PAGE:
How to Weigh Child Care Options and Choose the Best For Your Family

Examining your child care options to decide who will care for your child is a monumental (not to mention stressful!) decision.

6 of the Most Popular Child Care Options (with pros/cons of each!)Obviously, we all want the best for our kids. However the reality is that our options are often limited by where we live and what we can afford. There isn’t a one-size-fits-all option and every family’s circumstances are different.

Ultimately there are positives and negatives to all of the child care options. Keep in mind that high quality child care can be found whichever route your family takes.

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Choosing Child Care: Getting Started

Step 1 |  Make a list of all of your options

Use our list of six child care options below as well as any other types of child care you can think of.

For each category, list specific centers or individuals that are available possibilities. Check with other parents for recommendations, friends, co-workers, and even your pediatrician.

Here are some additional resources:

National Association of Child Care Resource & Referral Agencies (NACCRRA) Search for state licensed facilities

National Association For Family Child Care Search for accredited in-home providers: local childcare centers, in-home providers, nannies, nanny sharing, family

Step 2 |  Make note of specific considerations for each contender

Research each and every center and individual on your list and make a note of practical considerations, including:
— Location (and convenience, ie. close to work or home?)
— Scheduling
— Cost (and if it is a financial reality for you)
— Availability (full time child care vs. part time, if they have a wait list or are accepting new children)
— Overall gut feeling

After you have made notes, narrow down your child care options to those that are feasible.

Step 3 |  Visit or Interview

If there are still multiple options on your list, it’s time to get personal. Make appointments to visit local daycare centers and homes. Schedule appointments with potential nannies or  au pairs.

Give each contender an opportunity to tell you why they would be the best to care for your precious bundle of joy.

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Still confused about what’s an au pair vs. nanny vs. daycare? Let’s get into the specifics now!

Check out our comprehensive guide to the pros/cons of different types of child care:

6 of the Most Popular Child Care Options (with pros/cons of each!)

Daycare Center


  • Reliable – Day care centers have posted schedules, so you will know ahead of time about any closings such as holidays. Parents don’t have to worry about their caregiver calling out sick or leaving for vacation since the center manages that.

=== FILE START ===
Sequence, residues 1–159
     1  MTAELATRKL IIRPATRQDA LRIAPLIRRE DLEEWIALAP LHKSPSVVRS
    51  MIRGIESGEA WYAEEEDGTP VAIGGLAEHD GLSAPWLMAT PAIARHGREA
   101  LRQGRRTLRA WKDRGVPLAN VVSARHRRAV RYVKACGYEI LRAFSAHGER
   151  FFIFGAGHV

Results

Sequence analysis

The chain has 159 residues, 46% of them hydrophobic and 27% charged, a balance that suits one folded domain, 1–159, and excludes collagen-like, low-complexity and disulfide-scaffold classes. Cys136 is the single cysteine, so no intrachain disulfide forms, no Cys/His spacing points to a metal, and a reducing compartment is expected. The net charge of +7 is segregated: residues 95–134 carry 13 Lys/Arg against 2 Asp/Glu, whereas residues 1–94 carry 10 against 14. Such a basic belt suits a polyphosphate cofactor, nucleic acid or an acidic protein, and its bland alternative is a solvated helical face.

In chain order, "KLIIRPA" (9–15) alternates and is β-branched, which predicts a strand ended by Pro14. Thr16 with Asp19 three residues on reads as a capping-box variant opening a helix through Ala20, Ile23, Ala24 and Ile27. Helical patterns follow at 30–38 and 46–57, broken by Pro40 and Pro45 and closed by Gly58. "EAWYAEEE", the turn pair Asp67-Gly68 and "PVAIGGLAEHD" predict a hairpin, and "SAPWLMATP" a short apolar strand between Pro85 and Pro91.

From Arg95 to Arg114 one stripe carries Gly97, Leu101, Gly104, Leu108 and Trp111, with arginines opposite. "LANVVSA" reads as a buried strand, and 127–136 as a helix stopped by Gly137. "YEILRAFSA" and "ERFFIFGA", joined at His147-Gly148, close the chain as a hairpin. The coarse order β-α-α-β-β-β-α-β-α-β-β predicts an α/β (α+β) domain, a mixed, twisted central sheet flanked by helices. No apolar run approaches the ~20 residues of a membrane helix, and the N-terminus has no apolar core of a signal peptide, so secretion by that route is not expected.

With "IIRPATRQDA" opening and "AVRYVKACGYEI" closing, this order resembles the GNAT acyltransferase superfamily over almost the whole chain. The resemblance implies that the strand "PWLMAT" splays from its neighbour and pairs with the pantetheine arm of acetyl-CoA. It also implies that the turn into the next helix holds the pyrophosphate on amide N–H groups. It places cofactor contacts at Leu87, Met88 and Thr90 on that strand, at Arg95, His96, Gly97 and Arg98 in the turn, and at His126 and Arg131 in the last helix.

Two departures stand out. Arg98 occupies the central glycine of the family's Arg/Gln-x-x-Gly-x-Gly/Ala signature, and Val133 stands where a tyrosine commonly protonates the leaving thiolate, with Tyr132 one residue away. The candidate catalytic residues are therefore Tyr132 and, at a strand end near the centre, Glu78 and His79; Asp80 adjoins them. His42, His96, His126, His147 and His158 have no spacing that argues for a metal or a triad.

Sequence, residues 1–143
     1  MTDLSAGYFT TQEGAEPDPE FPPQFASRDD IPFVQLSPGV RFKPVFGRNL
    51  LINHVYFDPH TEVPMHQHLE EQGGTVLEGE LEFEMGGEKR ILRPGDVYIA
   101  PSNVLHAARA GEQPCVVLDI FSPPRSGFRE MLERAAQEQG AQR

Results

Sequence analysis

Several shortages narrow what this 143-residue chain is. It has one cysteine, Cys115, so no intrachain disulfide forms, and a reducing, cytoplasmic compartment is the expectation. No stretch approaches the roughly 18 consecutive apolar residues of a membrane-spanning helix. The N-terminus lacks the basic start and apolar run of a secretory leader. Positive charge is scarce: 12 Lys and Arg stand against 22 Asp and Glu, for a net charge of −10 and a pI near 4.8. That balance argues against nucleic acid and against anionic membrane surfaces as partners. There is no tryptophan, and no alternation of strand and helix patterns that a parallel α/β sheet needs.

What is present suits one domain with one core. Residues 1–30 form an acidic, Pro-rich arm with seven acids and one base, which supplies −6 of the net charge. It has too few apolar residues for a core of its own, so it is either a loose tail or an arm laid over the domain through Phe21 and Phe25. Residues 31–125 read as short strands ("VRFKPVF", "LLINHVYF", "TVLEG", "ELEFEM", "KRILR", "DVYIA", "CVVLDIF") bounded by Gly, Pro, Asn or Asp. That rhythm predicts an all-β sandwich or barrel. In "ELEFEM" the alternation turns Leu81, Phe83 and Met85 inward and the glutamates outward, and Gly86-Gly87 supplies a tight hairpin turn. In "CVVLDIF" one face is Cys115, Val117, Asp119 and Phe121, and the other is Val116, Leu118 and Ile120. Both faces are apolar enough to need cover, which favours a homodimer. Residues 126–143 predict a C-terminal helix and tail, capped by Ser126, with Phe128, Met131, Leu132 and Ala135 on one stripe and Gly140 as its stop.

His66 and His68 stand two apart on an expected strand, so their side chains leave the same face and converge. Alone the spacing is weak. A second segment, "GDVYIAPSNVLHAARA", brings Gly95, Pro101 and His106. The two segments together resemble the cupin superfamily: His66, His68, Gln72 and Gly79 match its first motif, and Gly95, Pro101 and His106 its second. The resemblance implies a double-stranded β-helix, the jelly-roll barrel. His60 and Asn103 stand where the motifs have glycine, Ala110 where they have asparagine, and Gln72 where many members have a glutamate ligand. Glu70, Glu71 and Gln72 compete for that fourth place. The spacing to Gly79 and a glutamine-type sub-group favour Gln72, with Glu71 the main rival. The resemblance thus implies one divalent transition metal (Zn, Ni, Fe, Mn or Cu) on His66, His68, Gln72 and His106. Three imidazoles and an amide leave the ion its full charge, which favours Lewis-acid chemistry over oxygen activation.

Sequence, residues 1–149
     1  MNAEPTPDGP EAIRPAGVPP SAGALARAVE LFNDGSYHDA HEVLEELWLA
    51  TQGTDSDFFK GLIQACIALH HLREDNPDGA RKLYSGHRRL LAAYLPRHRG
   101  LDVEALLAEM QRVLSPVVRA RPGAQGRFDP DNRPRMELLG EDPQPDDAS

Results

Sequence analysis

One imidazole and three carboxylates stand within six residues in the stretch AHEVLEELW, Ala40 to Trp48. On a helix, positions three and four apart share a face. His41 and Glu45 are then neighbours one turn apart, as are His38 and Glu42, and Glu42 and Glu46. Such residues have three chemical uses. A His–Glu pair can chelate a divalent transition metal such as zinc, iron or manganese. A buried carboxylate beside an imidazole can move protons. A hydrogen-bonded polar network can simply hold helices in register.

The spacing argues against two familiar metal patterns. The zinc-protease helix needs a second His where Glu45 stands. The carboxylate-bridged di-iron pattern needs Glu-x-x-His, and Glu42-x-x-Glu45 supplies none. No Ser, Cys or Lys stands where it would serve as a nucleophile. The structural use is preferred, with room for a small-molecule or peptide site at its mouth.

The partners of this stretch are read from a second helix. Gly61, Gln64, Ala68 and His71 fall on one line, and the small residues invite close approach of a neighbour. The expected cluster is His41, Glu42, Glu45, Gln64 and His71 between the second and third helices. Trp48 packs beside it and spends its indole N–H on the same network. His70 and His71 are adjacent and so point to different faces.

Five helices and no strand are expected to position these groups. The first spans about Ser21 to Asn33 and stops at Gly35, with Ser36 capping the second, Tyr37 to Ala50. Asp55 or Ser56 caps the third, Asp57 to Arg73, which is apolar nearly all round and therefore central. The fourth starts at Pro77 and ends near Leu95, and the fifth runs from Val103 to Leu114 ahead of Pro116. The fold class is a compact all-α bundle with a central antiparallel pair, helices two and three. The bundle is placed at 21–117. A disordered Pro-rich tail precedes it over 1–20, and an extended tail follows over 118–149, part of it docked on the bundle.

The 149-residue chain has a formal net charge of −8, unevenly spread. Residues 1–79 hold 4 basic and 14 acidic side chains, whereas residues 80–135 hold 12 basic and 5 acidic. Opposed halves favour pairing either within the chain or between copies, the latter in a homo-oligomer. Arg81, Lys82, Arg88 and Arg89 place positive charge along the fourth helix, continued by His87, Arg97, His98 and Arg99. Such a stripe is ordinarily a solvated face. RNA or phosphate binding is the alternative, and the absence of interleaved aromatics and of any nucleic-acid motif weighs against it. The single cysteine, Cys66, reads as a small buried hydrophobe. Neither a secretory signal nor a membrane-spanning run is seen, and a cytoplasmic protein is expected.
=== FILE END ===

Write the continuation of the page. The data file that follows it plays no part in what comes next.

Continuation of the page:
• Structured – Most daycares offer some sort of curriculum so parents know what they are doing with their children all day. This often includes arts and craft, stories, and different learning activities based on the child’s age.
  • Licensed – Depending on your state’s rules, most centers are licensed. Parents know that their center is following all of the state regulations on child care. These standards concern health and safety and include rules on safe sleep practices, cleanliness, and emergency preparedness.
  • Socialization – Being surrounded by peers can help young kids learn social skills like how to share, take turns, and make friends. The ability to communicate and cooperate with others helps kids transition to school.


  • Illness – Generally kids in a group setting are going to be exposed to lots of germs, so expect them to get sick more frequently. Also, most daycares have strict rules about sick kids not attending. Often fever, vomiting, and diarrhea trigger calls to parents to pick up their kids asap and they can’t return for at least 24 hours.
  • Less individualized attention – The caregivers have to be able to watch multiple kids at the same time so they can’t spend as much time engaged on an individual level. Any parent can imagine how difficult it would be to care for 3 or 4 infants at once.
  • Strict hours – Daycare centers are strict about their hours of operation. Obviously, kids can’t be dropped off before they are open, but be careful about closing times as well. Most centers fine by the minute if you pick up your child after hours.
  • Less Control – Daycare centers have defined room timelines, schedules, and menus. This may mean your child has to drop a nap before they are ready or is held back with younger kids if they aren’t potty trained based on the center’s timeline. Parents also have to send their own meals if they do not approve of the center provided foods.

6 of the Most Popular Child Care Options (with pros/cons of each!)

In-Home Daycare


  • Price – Often in-home daycare is the least expensive option. This depends on your area and available options.
  • Home environment – Many parents like that their children are in a home environment, as opposed to a traditional center which may feel more institutional.
  • More personal – There are often fewer caregivers so parents can get to know them well. Also, parents know that any specific requests, such as dietary restrictions or medication instructions, are known by the caregiver because they personally told them.